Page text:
Every time I turn on the T.V., it seems the news is inundated with stories of crime and violence. But what is really disturbing (to me) is that more and more of this crime is being committed by teenagers. According to the Centers for Disease Control (CDC), an average of 15 teens are killed everyday, usually with firearms, and 750,000 teens are treated in ERs in the United States for violence-related injuries each year.
- A CDC study of high school students found that 33% had been in a physical fight.
- 17% reported taking a weapon to school in the previous 30 days.
- 15-25% experience bullying each year.
- In 2000, 9% of the murders in the U.S. were committed by persons under the age of 18.
- 1 in 10 teens arrested had been engaged in a violent activity that could have resulted in serious injury or death of another person.
Teen violence can include fighting, threatening, and bullying. There has also been a rise in suicide, which is violence against oneself:
- Suicide is the third leading cause of death among teens.
- Over the past year, 1 in 11 high school students admit to having made a suicide attempt.
Teen violence also includes self-injury, which is another form of self-violence.
- Involvement in gangs
- Low parental involvement
- Discipline that is inconsistent, lax or too harsh
- Use of drugs or alcohol by teen or parents
- A history of violence at home
- Emotional problems
- Injuring animals
- Exposure to media violence
- Poor performance in school
- Experiencing bullying or teasing
- Antisocial behaviors, attitudes, and beliefs
- Aggressive behavior in early development
- Poor teen supervision
- Low emotional attachment to guardian or parents
- Delinquent friends
- Having easy access to weapons (guns, knives, etc.)
Please understand, this long list of risk factors does not necessarily cause teen violence, but they place teens in situations where they are more likely to be offenders or victims of violence.
AT RISK GROUPS (FOR TEEN VIOLENCE):
- For African-American youth, homicide is the leading cause of death.
- Hispanics experience homicide as the second leading cause of death among youth.
- The male rate for youth homicide in 2003 was 86%, as opposed to 14% for females.
- Male teens (41%) are more likely to be in a physical fight than female teenagers (25%).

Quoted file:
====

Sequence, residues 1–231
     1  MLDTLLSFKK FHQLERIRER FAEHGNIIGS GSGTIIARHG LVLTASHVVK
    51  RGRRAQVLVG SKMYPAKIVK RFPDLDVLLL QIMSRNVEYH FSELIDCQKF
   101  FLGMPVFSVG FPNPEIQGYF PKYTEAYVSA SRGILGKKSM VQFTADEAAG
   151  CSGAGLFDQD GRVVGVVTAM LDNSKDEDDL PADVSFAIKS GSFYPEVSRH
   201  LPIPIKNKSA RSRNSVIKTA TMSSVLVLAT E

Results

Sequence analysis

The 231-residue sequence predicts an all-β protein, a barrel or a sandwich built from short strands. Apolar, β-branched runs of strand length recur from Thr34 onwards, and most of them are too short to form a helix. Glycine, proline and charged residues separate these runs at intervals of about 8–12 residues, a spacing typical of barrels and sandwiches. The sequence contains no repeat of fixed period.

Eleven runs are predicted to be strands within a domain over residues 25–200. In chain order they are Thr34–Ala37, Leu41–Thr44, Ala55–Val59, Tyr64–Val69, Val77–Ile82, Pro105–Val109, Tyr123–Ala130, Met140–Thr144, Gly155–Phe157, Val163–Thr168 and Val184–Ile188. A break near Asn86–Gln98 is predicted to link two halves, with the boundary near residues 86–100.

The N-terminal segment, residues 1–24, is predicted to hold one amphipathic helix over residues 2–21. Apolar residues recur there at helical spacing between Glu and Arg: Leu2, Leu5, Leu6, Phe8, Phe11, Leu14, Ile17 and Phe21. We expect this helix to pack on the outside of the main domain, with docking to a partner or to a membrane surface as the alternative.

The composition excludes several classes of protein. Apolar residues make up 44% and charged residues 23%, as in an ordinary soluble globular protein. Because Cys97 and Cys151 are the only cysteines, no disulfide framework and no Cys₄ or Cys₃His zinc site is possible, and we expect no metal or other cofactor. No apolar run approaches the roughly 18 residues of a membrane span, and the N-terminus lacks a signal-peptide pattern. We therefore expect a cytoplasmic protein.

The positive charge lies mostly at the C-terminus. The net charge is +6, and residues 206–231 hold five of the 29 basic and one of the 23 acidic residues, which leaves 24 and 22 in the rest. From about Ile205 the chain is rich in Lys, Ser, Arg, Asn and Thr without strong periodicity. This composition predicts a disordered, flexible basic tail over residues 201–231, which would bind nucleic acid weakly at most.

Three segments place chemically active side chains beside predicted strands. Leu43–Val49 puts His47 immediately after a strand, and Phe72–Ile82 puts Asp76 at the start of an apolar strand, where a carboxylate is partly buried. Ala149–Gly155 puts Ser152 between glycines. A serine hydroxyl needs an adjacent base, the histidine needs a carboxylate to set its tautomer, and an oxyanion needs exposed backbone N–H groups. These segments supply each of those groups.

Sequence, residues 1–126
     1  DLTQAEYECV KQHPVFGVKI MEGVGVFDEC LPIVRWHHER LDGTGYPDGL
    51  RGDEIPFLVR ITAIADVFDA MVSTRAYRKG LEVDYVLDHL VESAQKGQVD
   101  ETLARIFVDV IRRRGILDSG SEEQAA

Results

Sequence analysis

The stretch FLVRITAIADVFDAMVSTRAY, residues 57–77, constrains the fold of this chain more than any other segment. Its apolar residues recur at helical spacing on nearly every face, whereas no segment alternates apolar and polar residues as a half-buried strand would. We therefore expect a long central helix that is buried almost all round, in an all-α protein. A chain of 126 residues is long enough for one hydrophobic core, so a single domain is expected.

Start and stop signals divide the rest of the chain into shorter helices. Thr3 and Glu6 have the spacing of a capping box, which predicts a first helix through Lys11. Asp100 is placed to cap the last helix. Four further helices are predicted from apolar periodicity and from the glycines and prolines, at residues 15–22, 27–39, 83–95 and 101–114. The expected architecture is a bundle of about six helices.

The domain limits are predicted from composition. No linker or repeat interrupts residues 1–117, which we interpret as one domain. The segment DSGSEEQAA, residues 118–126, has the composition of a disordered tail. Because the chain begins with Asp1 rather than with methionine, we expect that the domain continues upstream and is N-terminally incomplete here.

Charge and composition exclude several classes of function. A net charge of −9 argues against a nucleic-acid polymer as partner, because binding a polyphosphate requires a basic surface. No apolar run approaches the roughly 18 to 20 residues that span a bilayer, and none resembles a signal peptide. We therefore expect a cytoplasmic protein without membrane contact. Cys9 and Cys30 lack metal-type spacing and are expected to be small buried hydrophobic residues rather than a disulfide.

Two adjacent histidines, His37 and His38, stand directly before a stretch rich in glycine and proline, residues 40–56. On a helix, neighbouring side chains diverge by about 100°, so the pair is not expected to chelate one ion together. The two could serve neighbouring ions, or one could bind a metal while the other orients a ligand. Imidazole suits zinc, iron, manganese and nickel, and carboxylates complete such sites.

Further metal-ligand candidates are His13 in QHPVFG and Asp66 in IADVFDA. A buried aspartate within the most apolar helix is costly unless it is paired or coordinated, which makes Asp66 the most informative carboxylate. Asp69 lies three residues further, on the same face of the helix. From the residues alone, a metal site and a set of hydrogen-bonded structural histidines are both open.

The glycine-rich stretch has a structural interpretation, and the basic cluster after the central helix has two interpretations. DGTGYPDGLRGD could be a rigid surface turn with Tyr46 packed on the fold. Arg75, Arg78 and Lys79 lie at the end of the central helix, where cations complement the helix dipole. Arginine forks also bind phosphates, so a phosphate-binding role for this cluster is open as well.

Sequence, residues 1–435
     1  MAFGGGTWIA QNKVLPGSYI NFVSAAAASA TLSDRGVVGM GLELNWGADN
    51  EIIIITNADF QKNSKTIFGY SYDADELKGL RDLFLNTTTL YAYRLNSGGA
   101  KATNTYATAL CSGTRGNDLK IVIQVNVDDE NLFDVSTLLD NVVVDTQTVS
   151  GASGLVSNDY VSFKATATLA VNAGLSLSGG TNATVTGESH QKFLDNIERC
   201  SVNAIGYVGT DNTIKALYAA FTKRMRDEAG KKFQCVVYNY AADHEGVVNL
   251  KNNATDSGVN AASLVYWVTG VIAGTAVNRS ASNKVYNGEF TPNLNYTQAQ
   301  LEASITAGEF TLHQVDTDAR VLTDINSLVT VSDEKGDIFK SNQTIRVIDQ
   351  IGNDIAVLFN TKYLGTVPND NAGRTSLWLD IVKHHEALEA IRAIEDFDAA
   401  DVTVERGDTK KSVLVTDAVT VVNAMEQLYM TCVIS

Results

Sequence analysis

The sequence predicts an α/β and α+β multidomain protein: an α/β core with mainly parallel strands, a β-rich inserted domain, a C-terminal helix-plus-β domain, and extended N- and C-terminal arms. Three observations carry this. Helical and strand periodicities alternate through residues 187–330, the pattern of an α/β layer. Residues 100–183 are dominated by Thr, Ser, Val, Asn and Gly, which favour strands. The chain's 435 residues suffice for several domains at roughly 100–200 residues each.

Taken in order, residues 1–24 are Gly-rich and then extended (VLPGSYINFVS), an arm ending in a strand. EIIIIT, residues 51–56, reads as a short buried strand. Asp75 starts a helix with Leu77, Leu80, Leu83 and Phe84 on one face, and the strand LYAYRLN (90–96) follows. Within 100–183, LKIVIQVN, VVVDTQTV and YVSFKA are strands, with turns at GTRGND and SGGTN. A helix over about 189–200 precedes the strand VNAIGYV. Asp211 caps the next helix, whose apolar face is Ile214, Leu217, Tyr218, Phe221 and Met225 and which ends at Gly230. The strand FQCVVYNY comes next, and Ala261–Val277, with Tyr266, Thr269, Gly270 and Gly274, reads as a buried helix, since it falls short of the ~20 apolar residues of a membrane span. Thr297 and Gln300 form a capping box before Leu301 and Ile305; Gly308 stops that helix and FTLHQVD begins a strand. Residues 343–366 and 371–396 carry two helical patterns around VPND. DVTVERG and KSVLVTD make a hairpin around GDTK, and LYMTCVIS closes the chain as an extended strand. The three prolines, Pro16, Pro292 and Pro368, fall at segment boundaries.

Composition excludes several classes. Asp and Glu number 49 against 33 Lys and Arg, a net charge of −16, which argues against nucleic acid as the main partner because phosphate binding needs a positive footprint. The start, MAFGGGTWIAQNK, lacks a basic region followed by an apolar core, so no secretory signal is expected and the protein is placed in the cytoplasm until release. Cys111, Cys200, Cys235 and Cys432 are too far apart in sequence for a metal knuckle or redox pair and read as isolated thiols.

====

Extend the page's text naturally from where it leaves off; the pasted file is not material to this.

- 12% of female teens are more likely to be forced into having sexual intercourse, a form of date violence, than males at 6%.
CONSEQUENCES OF TEEN VIOLENCE:
- Total direct and indirect costs of teen violence is more than $158 billion per year.
- Nationwide, 6% of teens missed school due to feelings of insecurity regarding being at school or traveling to and from school.
- Healthcare costs increase in communities with teen violence.
- Costs arise from injury and death, such as medical care and funeral expenses.
- Decreasing property values affect areas with high incidents of teen violence, impacting both long-time residents and new residents.
TEEN VIOLENCE AND VIDEO GAMES:
- Violent media, including video games, can increase thoughts of violence in teenagers.
- Suspicions of others' motives increase due to playing video games.
- Teens who spend more time playing video games are more likely to argue with others than teens who do not spend as much time playing violent video games.
- Teens who play violent games act aggressive soon after playing.
WHAT CAN PARENTS DO?
- Talk to your teen and LISTEN to their concerns.
- Know where your teen goes, what he/she does, and who he/she is with.
- Be consistent and firm, but not to harsh, in your discipline.
- Discourage involvement with gangs (talk to local police to find out more about gangs in your area).
- Encourage positive activities, such as in-school or church involvement.
- Teach the importance of a good education.
- Monitor and control your teen's exposure to violence, including T.V., movies, video games, music, etc.
- Get help for your teen if he/she has alcohol or drug problems.
If you notice extreme anger outbursts in your teen, consider first getting a physical for your teen to make sure there is nothing physically wrong, and then look into getting counseling for your teen to help get to the bottom of what is causing this anger, because it will only get worse.